The NRC also analyzed the risks from loading and storing spent fuel in dry casks. That study found the potential health risks are very, very small. To ensure continued safe dry storage of spent fuel, the NRC is further studying how the fuel and storage systems perform over time. The NRC is also staying on top of related research planned by the Department of Energy and nuclear industry.

We’ll talk about “high burnup spent fuel,” which is receiving a lot of attention at shutdown reactor sites, in an upcoming blog post.

 

Spreading the Sunshine!

Stu Reiter
Co-Chair Open Government Advisory Group

Given the terrible winter much of the U.S. has been experiencing, you may be excited to learn that next week is “Sunshine Week.” But before you break out the beach towels, you should know that the week actually celebrates the public’s right to know its government’s business. In fact, this year marks the initiative’s 10th anniversary.

sunshineSunshine Week was launched by the American Society of News Editors in March 2005. This non-partisan, non-profit initiative is celebrated in mid-March each year to coincide with James Madison’s birthday on March 16.

We thought it an excellent time to highlight the NRC’s actions to be open and transparent about its business. The NRC has a long history of commitment to openness and transparency and encouraging stakeholder and public engagement. Most recently, we’ve used Web streaming and conferencing technologies to enhance public participation in our public meetings, regardless of stakeholder location. And our web-based systems make it easier to share public meeting information before and after, and for the public to provide feedback on these meetings.

And, we have embraced President Obama’s Open Government efforts to make the federal government even more open and accountable and to increase citizen participation, collaboration, and transparency in government.

In January, 2009 the President instructed OMB to issue an Open Government Directive. To comply with the directive, each agency was required to develop and publish an Open Government Plan (updated every two years) describing how it will improve transparency and integrate public participation and collaboration into its activities. NRC’s most recent plan can be found here. Examples of commitments highlighted in our plan include:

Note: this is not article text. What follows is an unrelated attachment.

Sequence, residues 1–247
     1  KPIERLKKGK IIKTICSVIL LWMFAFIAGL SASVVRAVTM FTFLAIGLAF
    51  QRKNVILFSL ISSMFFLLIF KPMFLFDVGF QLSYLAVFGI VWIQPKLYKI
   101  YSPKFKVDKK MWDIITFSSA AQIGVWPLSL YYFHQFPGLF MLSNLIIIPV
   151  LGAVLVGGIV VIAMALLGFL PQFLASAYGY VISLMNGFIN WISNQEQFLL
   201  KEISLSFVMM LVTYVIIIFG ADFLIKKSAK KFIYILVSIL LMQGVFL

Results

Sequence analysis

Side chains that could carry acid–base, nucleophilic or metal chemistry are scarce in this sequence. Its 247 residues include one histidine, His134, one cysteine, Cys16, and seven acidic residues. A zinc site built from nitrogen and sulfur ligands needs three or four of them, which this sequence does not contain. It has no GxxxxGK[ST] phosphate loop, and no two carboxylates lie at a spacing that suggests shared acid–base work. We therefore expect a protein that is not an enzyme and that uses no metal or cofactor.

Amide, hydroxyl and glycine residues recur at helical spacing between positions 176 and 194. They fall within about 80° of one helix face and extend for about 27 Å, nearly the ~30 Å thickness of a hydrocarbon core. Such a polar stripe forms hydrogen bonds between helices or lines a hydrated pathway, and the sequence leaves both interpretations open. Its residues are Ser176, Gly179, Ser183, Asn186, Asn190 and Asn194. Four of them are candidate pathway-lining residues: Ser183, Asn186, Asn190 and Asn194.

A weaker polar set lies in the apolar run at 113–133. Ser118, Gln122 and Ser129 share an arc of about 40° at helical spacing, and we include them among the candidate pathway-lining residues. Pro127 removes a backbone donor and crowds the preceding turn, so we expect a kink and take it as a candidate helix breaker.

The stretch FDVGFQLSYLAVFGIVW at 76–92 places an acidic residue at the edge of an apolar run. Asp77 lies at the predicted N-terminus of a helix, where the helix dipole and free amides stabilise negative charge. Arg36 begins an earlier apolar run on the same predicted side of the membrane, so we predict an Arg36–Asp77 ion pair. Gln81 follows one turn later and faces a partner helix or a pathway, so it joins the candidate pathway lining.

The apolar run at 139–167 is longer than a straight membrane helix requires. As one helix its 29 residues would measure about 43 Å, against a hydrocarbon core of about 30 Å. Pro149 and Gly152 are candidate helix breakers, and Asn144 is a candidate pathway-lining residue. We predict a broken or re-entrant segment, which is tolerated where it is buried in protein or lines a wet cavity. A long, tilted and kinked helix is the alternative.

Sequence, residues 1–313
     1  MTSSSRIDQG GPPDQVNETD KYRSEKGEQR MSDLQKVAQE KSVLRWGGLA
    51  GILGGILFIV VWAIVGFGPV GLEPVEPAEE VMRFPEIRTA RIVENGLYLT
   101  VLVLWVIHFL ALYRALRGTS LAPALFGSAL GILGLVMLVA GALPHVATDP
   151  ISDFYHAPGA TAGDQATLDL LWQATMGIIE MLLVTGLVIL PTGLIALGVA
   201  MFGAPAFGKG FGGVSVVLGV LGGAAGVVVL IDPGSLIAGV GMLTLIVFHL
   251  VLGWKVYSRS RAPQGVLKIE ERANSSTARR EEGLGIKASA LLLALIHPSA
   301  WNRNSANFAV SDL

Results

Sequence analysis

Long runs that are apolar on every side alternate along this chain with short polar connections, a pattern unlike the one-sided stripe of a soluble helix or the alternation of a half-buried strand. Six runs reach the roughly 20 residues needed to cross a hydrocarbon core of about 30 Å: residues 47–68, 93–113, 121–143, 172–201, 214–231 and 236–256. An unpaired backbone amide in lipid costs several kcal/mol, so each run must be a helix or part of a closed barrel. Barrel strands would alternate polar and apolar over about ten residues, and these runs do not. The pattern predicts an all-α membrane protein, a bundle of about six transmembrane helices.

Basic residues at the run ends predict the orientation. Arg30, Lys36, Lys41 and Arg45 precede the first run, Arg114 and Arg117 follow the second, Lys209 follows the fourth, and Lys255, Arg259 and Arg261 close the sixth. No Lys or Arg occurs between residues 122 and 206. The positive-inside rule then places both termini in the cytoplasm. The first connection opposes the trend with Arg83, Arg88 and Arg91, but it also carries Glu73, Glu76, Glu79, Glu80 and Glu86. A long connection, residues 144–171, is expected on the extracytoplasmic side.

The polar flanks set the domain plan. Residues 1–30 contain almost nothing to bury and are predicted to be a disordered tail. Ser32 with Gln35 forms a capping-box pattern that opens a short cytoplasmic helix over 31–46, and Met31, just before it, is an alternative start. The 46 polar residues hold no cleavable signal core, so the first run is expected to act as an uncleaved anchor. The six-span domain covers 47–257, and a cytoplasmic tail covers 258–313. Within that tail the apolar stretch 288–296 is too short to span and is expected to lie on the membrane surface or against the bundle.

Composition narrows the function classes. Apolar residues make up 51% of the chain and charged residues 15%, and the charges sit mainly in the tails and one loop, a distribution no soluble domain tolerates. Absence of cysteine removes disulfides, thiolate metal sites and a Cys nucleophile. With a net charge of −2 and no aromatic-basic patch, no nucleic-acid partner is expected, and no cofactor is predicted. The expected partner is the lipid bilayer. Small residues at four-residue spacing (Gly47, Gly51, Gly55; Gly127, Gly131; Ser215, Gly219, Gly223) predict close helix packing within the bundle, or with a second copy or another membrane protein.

• Reducing the average FOIA request processing time and backlog.
  • Enhancing availability and delivery of official agency information throughout the public Website.
  • Making it easier for mobile users to find/access regulatory information.
  • Continued use of Social Media to share information with the public – launching Facebook.
  • Promoting the objective of clear communications, the use of plain language.
  • Increasing the transparency of our rulemaking activities.

President Obama then went further, and in September 2010, he challenged members of the United Nations General Assembly to work together to make all governments more open and accountable to their people. To meet that challenge, in July 2011, President Obama joined the leaders of seven other nations in announcing the launch of the Open Government Partnership – a global effort to encourage transparent, effective, and accountable governance. Now, some 60 nations participate, affecting more than 2 billion people around the world.

As an organization, the NRC is dedicated to continuous improvement. We will continue to focus on what is important to our stakeholders and public — FOIA responsiveness, maintaining our public Web site as the agency’s central information portal and providing a mobile‑friendly Web site, growing our social media programs and modernizing our records management program.